FIU biological sciences alumna Kristen Nettleton helped treat Zoo Miami’s first-ever patient at its new Sea Turtle Hospital. Though the official opening is scheduled for July 6th, the team at Zoo Miami was ready to provide life-saving care for an endangered — and pregnant — loggerhead turtle that likely fell victim to a shark attack late last month, according to Zoo Miami Communications Director Ron Magill.
The large female loggerhead, named Baymax by zoo staff, had been rescued from the Port St. Lucie Power Plant with a severe wound to her left front flipper, leaving only exposed bone and torn flesh. Zoo Miami’s newly constructed Sea Turtle Hospital had recently passed inspection and received its permits to accept sick and injured sea turtles, so the decision was made by Florida Fish and Wildlife Conservation Commission to transfer the injured animal to the zoo for treatment and rehabilitation.
Nettleton works with new animals going through standard quarantine before being placed in their designated areas at the zoo. She is also part of the new sea turtle rehabilitation team at the hospital. Since Baymax’s arrival on May 22, Nettleton has been assisting with her feedings, tank cleaning and medical treatments, which can involve hopping in the tank to bring Baymax to the surface.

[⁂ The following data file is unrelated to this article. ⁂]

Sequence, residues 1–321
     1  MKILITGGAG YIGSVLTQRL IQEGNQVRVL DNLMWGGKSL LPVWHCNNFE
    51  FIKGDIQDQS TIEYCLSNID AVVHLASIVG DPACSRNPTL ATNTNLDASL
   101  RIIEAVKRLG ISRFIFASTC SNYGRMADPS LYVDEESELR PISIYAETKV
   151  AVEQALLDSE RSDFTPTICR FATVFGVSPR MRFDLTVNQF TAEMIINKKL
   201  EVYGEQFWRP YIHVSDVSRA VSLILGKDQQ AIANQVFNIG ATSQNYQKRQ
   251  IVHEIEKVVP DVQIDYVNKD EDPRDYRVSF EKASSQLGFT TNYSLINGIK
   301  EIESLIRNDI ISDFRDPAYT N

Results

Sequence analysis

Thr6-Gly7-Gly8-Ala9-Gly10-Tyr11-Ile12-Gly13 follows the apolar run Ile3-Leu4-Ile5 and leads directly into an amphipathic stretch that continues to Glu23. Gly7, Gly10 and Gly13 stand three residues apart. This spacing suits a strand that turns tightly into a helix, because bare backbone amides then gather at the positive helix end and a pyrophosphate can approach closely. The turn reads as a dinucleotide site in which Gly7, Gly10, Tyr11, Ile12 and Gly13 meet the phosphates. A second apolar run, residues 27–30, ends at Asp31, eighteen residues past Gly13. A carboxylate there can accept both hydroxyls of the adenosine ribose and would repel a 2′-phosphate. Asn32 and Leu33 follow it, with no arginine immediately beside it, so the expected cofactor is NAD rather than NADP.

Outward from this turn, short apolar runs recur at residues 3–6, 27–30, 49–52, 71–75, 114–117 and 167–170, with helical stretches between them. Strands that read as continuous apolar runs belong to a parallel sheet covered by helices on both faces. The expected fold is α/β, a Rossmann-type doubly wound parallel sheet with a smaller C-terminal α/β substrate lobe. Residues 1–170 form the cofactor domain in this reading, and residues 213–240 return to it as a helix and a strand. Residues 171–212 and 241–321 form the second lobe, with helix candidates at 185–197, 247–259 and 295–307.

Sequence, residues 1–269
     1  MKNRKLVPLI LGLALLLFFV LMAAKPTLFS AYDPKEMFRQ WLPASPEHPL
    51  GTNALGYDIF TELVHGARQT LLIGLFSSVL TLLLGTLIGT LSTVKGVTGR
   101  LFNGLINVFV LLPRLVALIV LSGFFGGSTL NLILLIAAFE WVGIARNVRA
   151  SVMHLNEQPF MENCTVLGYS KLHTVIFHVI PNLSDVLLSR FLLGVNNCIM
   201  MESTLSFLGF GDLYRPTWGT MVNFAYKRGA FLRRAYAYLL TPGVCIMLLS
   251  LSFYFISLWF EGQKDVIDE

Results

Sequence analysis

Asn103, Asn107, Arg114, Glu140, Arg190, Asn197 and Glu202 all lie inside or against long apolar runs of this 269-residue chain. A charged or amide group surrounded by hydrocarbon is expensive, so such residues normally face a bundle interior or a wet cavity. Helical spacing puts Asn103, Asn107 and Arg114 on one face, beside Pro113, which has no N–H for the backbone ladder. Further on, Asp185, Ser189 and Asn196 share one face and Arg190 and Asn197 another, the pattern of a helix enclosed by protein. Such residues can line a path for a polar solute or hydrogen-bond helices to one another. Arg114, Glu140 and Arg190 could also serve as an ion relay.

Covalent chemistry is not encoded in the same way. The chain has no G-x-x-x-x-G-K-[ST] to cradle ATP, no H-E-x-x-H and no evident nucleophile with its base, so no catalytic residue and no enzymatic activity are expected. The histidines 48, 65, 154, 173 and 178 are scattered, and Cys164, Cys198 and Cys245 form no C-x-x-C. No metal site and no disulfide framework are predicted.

Weighing in at 388 pounds, Baymax also has scars on her shell that indicate she had possibly been struck by a boat and bitten by another shark earlier in her life, Magill said. Her pregnancy was discovered during the initial examination at the hospital. So once she was stabilized, the team transferred her to a special pen filled with sand, which Nettleton helped construct, where Baymax successfully delivered more than 100 eggs. Those eggs are now in the care of the Miami-Dade Parks Sea Turtle Conservation Program for incubation.
Following the delivery, zoo veterinarians removed the remaining pieces of bone on her left fin and further cleaned and treated the wound during a seven-hour surgery. While it's not uncommon for sea turtles to lose limbs to sharks or boat strikes, many adjust and lead productive lives. Following the successful surgery, Baymax was transferred to a recovery tank at the hospital where she will be monitored for the next several weeks with the hopes of releasing her back to the ocean once she heals.
While a student at FIU, Nettleton interned and volunteered at Zoo Miami. She graduated with a degree in biological sciences in 2020 and, after working with primates at Monkey Jungle for a year, returned to the zoo as a full-time employee in September.